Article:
The controller manages in-band software upgrades through UpgradeApp. Upgrades consist of two phases: “prepare” and “commit”. In the “prepare” phase, the controller distributes the new software image to nodes; upon completion, the nodes will flash the new image onto a disk partition. The “commit” command simply instructs nodes to reboot to the newly-written partition.
The main complication for in-band upgrades is that node reboots will bring down all links to and from a node, which can affect reachability to the rest of the network. The controller’s UpgradeApp includes a scheduling algorithm that parallelizes commits (in “batches” of nodes) while minimizing network isolation, along with a retry mechanism to handle failures during any upgrade step. The minion’s UpgradeApp is responsible for obtaining, validating, and flashing the new software images, and reporting the node’s current upgrade status to the controller.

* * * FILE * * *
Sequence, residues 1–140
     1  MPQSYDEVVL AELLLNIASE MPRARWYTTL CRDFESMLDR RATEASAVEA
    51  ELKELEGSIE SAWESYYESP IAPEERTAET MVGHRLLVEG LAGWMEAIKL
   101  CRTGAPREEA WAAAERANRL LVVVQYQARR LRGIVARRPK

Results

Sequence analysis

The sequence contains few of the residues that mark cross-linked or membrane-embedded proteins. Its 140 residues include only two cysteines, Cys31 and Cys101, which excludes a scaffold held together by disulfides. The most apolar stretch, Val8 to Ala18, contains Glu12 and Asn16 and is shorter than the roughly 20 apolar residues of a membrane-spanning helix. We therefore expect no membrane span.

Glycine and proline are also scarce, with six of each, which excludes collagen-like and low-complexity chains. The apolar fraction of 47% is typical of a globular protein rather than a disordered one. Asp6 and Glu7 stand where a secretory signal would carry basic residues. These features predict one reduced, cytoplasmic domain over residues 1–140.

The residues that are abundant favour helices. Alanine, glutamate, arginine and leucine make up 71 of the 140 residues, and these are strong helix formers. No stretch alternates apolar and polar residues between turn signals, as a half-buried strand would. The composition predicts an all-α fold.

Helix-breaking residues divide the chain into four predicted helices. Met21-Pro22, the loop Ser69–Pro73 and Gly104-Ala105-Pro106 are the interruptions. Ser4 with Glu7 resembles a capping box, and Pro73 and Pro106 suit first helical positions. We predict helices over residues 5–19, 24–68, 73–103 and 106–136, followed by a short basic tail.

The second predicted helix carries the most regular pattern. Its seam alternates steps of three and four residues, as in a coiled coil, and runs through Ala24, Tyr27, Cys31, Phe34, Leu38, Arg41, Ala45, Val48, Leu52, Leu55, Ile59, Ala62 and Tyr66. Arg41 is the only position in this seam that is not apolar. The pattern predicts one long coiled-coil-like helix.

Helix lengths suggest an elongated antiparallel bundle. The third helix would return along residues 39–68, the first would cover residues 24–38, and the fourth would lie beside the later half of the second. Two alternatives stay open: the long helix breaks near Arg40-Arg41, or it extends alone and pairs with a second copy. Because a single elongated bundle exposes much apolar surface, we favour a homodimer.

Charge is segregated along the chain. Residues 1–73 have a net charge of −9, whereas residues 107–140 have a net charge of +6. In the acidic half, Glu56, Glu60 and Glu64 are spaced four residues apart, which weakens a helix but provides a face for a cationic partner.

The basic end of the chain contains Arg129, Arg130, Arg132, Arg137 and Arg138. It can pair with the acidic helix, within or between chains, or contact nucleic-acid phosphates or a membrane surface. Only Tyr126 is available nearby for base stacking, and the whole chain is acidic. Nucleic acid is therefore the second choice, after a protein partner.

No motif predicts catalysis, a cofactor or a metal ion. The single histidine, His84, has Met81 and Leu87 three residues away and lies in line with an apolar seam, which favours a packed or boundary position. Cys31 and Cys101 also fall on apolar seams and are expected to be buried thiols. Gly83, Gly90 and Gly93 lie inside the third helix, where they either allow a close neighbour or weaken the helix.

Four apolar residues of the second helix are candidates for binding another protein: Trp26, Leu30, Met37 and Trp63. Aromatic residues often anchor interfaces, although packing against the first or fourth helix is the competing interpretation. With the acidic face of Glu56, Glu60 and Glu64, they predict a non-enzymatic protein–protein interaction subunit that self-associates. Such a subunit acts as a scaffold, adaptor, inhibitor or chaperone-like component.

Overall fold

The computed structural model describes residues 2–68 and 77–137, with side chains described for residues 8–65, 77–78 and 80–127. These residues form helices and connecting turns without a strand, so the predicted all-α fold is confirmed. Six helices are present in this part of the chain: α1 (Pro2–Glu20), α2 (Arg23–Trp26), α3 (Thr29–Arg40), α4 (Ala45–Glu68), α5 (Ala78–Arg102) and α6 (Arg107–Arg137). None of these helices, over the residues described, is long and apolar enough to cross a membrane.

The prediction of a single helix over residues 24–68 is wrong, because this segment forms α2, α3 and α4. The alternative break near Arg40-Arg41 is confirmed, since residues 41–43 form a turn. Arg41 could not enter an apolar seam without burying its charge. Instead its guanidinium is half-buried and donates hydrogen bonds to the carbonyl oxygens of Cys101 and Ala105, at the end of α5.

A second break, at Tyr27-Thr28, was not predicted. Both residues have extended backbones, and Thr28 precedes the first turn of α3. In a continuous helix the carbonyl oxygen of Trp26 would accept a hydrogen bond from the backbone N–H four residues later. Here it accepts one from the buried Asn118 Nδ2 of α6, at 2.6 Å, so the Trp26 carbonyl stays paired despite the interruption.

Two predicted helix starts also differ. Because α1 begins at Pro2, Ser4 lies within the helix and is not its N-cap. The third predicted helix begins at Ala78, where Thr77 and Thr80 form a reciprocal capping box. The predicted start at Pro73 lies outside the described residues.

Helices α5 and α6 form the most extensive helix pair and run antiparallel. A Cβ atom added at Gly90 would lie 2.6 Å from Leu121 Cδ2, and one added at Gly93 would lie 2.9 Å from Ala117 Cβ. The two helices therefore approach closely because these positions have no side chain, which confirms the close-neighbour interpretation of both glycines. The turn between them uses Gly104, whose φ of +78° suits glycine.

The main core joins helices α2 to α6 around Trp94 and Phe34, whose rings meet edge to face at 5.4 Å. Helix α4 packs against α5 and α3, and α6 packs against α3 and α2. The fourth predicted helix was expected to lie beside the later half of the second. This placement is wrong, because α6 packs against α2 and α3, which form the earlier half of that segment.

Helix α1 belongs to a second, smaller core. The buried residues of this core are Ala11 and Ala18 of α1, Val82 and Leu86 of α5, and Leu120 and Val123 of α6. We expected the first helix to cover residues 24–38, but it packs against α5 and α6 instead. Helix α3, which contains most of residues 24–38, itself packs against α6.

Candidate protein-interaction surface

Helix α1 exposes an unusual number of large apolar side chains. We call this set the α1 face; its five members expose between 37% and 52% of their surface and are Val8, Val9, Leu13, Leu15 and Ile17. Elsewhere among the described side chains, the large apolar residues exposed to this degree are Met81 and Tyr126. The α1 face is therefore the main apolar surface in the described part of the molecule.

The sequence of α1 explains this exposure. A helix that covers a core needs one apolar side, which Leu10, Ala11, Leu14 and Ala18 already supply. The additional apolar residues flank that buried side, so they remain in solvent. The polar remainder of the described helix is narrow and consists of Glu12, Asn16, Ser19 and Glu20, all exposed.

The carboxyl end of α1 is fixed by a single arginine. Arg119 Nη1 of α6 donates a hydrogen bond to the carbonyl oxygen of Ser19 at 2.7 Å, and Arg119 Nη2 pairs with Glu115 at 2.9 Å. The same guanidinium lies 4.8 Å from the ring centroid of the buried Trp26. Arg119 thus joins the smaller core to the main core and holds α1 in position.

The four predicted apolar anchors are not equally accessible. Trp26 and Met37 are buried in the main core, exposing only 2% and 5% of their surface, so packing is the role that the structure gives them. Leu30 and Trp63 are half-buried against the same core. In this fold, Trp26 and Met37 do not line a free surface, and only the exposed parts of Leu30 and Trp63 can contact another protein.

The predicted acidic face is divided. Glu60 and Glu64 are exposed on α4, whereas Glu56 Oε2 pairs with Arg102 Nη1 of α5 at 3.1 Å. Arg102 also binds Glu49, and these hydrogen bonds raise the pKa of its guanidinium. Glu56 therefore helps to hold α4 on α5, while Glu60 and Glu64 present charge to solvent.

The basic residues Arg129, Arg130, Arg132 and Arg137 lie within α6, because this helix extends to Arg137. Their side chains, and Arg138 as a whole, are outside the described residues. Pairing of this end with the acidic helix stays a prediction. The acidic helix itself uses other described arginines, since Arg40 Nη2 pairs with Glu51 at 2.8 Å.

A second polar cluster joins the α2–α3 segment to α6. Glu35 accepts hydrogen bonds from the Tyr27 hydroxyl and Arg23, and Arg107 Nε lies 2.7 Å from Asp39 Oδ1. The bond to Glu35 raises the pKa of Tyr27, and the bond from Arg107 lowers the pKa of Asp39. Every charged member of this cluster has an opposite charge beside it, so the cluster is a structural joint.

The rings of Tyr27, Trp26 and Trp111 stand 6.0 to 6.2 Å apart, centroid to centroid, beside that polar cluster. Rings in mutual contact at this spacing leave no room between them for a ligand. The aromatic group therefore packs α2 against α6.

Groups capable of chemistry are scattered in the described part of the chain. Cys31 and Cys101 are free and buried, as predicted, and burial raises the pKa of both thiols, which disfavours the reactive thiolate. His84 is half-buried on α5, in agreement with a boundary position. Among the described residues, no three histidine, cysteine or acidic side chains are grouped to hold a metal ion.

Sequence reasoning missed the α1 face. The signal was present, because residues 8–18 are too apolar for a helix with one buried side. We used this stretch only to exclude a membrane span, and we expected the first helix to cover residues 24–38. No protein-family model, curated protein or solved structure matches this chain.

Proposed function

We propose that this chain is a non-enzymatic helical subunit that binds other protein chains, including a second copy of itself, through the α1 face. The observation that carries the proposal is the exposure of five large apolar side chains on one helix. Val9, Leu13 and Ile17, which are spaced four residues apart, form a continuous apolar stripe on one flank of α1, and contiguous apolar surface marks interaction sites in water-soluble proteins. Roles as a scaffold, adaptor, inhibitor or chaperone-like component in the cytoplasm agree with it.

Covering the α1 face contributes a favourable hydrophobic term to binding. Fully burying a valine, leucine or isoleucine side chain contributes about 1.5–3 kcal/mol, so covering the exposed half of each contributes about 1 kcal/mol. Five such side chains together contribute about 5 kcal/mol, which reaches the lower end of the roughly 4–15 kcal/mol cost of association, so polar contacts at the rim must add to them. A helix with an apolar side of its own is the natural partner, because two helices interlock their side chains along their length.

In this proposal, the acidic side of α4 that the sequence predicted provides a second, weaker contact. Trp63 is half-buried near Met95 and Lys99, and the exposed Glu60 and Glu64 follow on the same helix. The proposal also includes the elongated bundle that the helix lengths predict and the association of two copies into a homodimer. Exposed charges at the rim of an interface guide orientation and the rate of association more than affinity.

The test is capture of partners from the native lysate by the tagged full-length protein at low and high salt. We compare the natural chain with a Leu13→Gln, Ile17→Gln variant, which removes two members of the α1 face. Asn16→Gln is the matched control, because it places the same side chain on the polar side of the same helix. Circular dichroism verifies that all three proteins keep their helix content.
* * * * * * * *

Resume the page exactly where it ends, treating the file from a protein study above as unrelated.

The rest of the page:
cnWave utilizes a centralized node configuration manager and a layered configuration model. Initially, nodes start with a version-dependent “base configuration”, which holds all default config values based on the node’s software version; this is static and bundled with the software image. The “network-wide overrides” layer is applied above the base configuration, and contains any config values that should be overridden uniformly across the network. The topmost layer, the “node-specific overrides”, applies to individual nodes.
To keep config in sync, nodes send a hash of their local config to the controller in their periodic status reports, and the controller will overwrite a node’s config upon receiving a mismatch (unless the config is marked as “unmanaged”).
ScanApp is responsible for initiating scans on nodes and collecting the measurement results. There are several scan types. For instance, “Periodic Beamforming” (PBF) scans identify independent RF paths between pairs of nodes; these scans are uni-directional, and run between nodes with L1/L2 connectivity. “Interference Measurement” (IM) scans measure interference between links, and involve a single transmitter and multiple receivers.